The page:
There's something to be said for that credo -- you have to start somewhere, obviously -- but I think a lot of people misinterpret it as an excuse to write as sloppily as possible the first time around. And where does that get you? Sitting in front of a 90-100 page script that's absolutely riddled with problems can be even more stressful than sitting in front of a blank screen. (Take it from someone who's been there and ended up choosing the blank screen.) There is a venue for dropping half-baked ideas onto the page, but it's not the screenplay; it's the outline. I realize that outlining is a task few writers (including myself) enjoy, but the upside of it is that an outline is much easier to edit, rework, or gut completely. You've got the whole story in front of you in a highly compressed format, and you're not wasting any artistic energy on dialogue or prose.

A screenplay, on the other hand, does not always make for easy reference material because of how long and detailed it is. Flipping (or scrolling) through dozens of pages to get to the scene you're looking for, you inevitably get sidetracked (or I do, at least) with fixing typos or re-crafting dialogue, both of which are likely a waste of time if your script needs a total overhaul. On the other hand, if you're confident with your script on the macro scale -- when the scenes and structure are the way you want them but you just need to improve the execution -- then working from the screenplay itself can absolutely be productive. On Sunday I reworked the first 30 or so pages of my script -- including completely redoing the first six pages -- in the span of several hours, a speed I never could have hoped for if the first draft was a complete mess. Since I still have two and a half weeks allotted to this draft, it's highly possible that I'll be able to work quickly enough to do yet a third pass on it before the end of the month, which would be great.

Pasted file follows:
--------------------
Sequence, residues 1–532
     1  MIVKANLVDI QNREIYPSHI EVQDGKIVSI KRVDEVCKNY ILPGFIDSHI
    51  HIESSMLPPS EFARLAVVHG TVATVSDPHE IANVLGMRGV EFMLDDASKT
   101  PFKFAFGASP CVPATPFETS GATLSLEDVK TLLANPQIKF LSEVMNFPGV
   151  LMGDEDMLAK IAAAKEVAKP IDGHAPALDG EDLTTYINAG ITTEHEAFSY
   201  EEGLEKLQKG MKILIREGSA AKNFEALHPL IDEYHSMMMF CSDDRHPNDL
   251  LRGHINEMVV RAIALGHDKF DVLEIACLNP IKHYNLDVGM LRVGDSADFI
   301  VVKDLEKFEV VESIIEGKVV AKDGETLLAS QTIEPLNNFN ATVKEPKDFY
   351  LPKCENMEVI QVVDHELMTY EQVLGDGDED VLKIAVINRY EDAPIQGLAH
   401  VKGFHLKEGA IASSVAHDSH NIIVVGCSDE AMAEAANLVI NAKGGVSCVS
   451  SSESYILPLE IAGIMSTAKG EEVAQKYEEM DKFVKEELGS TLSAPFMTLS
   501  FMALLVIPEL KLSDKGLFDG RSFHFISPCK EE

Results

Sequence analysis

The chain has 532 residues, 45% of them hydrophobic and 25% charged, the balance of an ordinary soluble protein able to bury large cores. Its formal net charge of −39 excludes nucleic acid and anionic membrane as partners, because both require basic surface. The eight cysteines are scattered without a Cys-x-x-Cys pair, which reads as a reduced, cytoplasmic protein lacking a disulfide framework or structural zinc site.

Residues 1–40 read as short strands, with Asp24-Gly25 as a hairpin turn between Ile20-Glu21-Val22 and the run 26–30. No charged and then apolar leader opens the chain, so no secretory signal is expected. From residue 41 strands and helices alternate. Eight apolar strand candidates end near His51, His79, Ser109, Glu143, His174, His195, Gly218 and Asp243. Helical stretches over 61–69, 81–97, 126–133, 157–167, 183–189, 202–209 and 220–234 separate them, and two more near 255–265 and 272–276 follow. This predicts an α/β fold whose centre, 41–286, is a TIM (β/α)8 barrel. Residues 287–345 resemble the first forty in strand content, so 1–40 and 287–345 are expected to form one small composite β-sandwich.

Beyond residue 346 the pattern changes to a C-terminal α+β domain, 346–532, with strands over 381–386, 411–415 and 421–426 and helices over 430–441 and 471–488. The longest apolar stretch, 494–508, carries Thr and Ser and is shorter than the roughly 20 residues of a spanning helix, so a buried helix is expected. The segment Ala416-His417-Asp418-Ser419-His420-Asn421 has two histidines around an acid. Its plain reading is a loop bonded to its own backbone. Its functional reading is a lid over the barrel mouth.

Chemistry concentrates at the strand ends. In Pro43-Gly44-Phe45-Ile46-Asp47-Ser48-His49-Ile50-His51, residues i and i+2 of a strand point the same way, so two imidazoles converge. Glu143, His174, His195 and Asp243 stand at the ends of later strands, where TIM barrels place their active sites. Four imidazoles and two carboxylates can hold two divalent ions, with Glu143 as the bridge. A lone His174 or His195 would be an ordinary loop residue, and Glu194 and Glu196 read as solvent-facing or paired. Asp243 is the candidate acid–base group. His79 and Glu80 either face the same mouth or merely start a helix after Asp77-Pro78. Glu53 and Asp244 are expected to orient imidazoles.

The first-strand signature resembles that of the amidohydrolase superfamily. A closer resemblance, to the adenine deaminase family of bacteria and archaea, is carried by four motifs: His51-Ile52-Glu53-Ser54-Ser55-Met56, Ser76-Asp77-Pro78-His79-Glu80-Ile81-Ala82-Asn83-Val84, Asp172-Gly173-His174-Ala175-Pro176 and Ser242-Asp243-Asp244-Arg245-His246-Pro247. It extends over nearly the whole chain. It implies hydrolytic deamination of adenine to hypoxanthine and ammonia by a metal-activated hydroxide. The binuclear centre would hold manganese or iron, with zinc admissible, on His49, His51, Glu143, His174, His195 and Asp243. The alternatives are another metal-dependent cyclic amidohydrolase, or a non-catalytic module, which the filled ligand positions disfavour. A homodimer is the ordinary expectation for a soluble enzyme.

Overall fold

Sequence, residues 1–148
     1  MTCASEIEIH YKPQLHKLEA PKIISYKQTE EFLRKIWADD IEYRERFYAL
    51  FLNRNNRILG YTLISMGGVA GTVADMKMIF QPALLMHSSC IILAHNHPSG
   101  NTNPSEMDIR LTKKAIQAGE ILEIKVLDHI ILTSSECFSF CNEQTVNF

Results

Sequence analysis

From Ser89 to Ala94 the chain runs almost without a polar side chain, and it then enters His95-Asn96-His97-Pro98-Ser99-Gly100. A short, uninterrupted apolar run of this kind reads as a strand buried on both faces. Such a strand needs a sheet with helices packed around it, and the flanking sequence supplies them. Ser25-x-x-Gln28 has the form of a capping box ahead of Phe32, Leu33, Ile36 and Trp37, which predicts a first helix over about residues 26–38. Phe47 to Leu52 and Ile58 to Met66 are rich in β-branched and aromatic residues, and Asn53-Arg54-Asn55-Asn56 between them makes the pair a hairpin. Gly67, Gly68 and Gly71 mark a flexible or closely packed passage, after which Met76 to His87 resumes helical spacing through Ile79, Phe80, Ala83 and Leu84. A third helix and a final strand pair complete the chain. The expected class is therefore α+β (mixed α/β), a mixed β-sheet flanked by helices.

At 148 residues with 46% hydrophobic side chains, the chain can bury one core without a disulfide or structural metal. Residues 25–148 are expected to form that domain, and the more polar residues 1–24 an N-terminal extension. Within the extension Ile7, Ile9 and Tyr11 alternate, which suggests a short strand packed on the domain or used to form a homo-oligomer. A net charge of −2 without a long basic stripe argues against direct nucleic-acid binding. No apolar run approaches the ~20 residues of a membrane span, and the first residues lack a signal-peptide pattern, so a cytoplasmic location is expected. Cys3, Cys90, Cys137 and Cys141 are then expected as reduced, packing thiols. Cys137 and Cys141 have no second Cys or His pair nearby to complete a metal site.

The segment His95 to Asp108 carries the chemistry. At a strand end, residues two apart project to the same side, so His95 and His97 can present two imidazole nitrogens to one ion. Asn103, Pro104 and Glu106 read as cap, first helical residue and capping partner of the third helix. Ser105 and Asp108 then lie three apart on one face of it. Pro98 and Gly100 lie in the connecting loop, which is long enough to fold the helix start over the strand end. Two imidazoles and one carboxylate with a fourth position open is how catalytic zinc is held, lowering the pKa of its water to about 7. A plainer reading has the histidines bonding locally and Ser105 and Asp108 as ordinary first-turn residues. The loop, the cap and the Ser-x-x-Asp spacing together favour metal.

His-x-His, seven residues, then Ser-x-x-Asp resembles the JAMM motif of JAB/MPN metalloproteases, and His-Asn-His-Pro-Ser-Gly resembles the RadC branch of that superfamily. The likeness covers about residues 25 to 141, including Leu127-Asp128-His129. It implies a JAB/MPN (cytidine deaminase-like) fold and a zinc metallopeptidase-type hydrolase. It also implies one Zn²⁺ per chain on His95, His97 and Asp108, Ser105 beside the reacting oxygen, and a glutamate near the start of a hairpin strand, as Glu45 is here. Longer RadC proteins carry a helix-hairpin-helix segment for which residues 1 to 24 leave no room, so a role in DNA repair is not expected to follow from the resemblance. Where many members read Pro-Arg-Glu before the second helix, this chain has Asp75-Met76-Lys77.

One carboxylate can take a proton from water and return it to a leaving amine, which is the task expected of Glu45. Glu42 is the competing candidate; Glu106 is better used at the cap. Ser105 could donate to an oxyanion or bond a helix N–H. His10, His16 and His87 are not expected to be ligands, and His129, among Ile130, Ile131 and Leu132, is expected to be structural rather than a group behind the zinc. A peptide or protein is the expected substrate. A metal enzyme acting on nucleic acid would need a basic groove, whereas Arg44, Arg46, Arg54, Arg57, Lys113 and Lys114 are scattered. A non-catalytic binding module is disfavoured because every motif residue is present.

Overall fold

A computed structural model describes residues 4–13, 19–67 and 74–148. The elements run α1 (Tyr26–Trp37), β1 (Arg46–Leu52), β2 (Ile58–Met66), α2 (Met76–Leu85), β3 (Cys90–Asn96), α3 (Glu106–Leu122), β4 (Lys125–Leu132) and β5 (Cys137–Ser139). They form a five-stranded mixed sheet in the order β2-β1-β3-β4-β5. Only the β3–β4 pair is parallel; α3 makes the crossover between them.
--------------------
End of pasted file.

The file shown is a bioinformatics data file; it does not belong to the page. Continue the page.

So the quality of the first draft does matter. It matters a lot. Most importantly, it matters if you don't want to devote years of your life to a screenplay -- and I sure as hell don't; I've got other ideas that need exploring.